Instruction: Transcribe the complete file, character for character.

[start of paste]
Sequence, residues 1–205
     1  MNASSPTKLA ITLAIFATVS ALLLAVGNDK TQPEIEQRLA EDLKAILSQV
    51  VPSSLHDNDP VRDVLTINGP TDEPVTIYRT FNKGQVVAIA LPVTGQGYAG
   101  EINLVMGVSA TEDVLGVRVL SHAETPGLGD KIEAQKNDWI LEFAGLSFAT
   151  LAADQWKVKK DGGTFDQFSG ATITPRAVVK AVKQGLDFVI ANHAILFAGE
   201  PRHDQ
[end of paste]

Sequence, residues 1–205
     1  MNASSPTKLA ITLAIFATVS ALLLAVGNDK TQPEIEQRLA EDLKAILSQV
    51  VPSSLHDNDP VRDVLTINGP TDEPVTIYRT FNKGQVVAIA LPVTGQGYAG
   101  EINLVMGVSA TEDVLGVRVL SHAETPGLGD KIEAQKNDWI LEFAGLSFAT
   151  LAADQWKVKK DGGTFDQFSG ATITPRAVVK AVKQGLDFVI ANHAILFAGE
   201  PRHDQ